Of which this is a very nice 1940 copy. By the time this copy hit the shelves, Saint-X was either flying reconnaissance missions against the invading Hun (see his Flight to Arras), or had skipped off to the USA. Saint-X wrote some significant stuff and did good pro-Allied work in the US, but he was neither a Gaullist nor a Bolshevik, which caused him problems. Finally, of course, he died flying a reconnaissance P-38 over the Mediterranean. In recent years, there was some claim that the remains had been found, but, the last I read, there were question marks over the serial numbers on bits of the P-38. A decent man, not as good a pilot as he perhaps thought (writes a bloke who has problems with a push bike), and with a very tempestuous love life (well, he was French). He fully deserved his place on the last issues of the 50 Franc note: 

Now, of course, no more, as the useless, failed Euro has replaced the French franc, and replaced proper symbols of nationhood with pastiches of bridges, buildings and towns that don't actually exist, but represent some kind of imagined Europe - imagined by the sort of people who want secret votes in the so-called European Parliament (so those nasty, horrid things - the people - don't get to know how their 'representatives' vote), or EU control over the press across Europe, so that nasty things about the EU aren't read by the smelly little people. Make no mistake, the EU is a continuing, and growing, threat to the very hard won democratic freedoms that we do have (and there are not as many of them as there should be).

Sunday, 10 March 2013


finally, finally... the Pipistrello is finished. Or, more accurately, as finished as my patience will allow. Here it is, reasonably resplendent in its over-water/desert/East Africa anti-camouflage finish:

The smaller aircraft is a Nardi FN305, a very successful trainer used by Italy and the Romanians. It gives some idea of the size of 'the bat'.

Right, SM81 out of the way, so what next? A recovery Hetzer, Peninsular War British in 28mm, a few more War of 1812 in 20mm, or a Hurricane, or a Breda???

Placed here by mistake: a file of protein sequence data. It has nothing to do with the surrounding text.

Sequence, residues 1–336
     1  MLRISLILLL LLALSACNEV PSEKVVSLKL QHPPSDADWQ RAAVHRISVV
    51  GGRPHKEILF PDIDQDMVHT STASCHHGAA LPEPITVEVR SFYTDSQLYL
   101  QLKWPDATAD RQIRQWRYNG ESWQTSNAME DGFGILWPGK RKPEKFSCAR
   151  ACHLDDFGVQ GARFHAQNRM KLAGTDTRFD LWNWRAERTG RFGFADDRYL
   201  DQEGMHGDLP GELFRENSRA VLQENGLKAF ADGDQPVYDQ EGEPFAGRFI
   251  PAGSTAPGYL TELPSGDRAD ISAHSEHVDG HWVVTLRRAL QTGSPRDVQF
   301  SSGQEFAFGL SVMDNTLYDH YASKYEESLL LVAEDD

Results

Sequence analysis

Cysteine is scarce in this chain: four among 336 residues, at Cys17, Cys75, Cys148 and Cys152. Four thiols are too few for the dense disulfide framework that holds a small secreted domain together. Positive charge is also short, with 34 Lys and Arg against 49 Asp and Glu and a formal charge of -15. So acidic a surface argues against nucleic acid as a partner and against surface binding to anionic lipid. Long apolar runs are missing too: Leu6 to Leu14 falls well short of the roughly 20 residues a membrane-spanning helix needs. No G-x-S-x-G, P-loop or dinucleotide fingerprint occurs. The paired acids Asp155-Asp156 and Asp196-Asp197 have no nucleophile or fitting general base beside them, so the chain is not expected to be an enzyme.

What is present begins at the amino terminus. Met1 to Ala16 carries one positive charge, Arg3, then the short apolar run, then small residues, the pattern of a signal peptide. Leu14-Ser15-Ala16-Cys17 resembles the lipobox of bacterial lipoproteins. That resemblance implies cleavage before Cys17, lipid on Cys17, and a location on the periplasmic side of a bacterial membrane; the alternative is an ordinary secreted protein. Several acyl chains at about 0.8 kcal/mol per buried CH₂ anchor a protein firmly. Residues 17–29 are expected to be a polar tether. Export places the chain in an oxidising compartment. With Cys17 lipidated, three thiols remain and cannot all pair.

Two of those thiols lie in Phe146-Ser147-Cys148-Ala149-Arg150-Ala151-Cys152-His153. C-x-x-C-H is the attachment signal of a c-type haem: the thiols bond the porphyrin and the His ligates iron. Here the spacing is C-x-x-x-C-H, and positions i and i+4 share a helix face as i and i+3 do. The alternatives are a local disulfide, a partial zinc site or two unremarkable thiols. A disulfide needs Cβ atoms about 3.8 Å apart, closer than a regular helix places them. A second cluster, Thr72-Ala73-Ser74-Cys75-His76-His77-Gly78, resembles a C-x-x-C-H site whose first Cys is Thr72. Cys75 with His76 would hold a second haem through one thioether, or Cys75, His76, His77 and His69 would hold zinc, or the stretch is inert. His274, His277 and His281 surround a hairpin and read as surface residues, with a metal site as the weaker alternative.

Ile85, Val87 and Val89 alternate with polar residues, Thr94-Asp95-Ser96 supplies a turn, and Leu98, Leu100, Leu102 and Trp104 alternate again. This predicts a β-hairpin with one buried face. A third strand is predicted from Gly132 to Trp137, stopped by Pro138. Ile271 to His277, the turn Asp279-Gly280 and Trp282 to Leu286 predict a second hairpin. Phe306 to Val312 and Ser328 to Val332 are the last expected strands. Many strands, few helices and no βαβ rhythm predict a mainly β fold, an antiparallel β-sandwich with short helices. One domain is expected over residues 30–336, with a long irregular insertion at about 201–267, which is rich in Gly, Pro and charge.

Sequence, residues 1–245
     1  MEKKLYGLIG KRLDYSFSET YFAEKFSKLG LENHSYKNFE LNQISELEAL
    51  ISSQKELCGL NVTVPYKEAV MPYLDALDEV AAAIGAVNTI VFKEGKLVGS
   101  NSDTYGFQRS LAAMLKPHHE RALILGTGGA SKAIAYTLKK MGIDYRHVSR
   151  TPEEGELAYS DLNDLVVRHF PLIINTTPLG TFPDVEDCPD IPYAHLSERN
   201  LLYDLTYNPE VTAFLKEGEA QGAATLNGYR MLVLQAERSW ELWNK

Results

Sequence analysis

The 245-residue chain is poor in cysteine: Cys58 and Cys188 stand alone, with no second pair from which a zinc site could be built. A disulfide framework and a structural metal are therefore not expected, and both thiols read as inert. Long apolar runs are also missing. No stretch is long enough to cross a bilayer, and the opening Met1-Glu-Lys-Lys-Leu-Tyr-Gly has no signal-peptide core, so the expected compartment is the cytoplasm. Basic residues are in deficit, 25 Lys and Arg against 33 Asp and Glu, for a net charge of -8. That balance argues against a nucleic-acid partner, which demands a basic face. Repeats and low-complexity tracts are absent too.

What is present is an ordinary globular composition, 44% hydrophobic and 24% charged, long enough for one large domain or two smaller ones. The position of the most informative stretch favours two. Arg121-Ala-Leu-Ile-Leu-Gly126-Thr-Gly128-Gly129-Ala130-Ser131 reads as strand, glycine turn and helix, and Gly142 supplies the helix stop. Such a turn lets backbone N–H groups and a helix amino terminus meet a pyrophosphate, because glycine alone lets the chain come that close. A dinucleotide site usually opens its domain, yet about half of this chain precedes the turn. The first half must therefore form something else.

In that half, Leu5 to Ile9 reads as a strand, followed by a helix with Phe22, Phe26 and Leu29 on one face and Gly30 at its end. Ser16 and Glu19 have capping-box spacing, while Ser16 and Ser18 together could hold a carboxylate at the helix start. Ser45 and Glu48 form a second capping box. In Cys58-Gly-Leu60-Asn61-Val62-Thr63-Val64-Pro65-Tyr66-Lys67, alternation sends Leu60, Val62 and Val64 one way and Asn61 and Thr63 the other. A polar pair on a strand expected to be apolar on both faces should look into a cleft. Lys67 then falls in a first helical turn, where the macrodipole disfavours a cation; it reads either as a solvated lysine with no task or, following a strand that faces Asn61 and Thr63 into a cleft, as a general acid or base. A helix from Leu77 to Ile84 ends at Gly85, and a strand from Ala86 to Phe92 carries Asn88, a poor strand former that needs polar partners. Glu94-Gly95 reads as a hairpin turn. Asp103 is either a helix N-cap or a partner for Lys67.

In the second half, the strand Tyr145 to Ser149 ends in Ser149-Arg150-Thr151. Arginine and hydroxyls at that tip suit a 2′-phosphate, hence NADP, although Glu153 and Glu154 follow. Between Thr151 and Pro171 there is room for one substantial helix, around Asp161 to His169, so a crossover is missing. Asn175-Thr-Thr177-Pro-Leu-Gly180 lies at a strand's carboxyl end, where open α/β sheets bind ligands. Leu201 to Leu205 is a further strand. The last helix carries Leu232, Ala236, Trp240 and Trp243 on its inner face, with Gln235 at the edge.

Thursday, 7 March 2013


Yes, the SM81 torture continues, but, at least, it is now looking something like an aircraft:

As you can see, it is at the stage where one could (if one was so inclined) walk around with it above one's head making engine noises. If one wanted to that is.

I've been looking through old copies of Air Pictorial the last few days, reading the long series, 'East Africa Air War' by Christopher Shores and Corrado Ricci that was published in 1983 and 1984. Shores, of course, is a well known aviation historian, while Ricci was a veteran of the campaign. It was a very detailed account, illustrated by marvellous, rare photographs. For those interested in the esoteric, the campaign is fascinating, with aircraft such as the Junkers 86 and Junkers 52 seeing action - on the British and Imperial side, as part of South Africa's contribution. But of rarebirds there were many: Wellesleys, Hartbeestes, Furies, Gauntlets, and, amazingly, a Vickers Valentia used as a night bomber! On the Italian side, CR32s and Caproni Ca133s were deployed, along with more modern types like the CR42 and SM79. The SM81 was also very active in the bombing role. Of course, the standard of equipment of most of these types was, for 1940/41, poor - no armour,  mixed construction, and limited range being the norm. The SM81, for example, had wooden wings and a fabric covered fuselage with no armour protection for the crew. It doesn't need much imagination to think what it must have been like to be attacked while flying in an aircraft like that.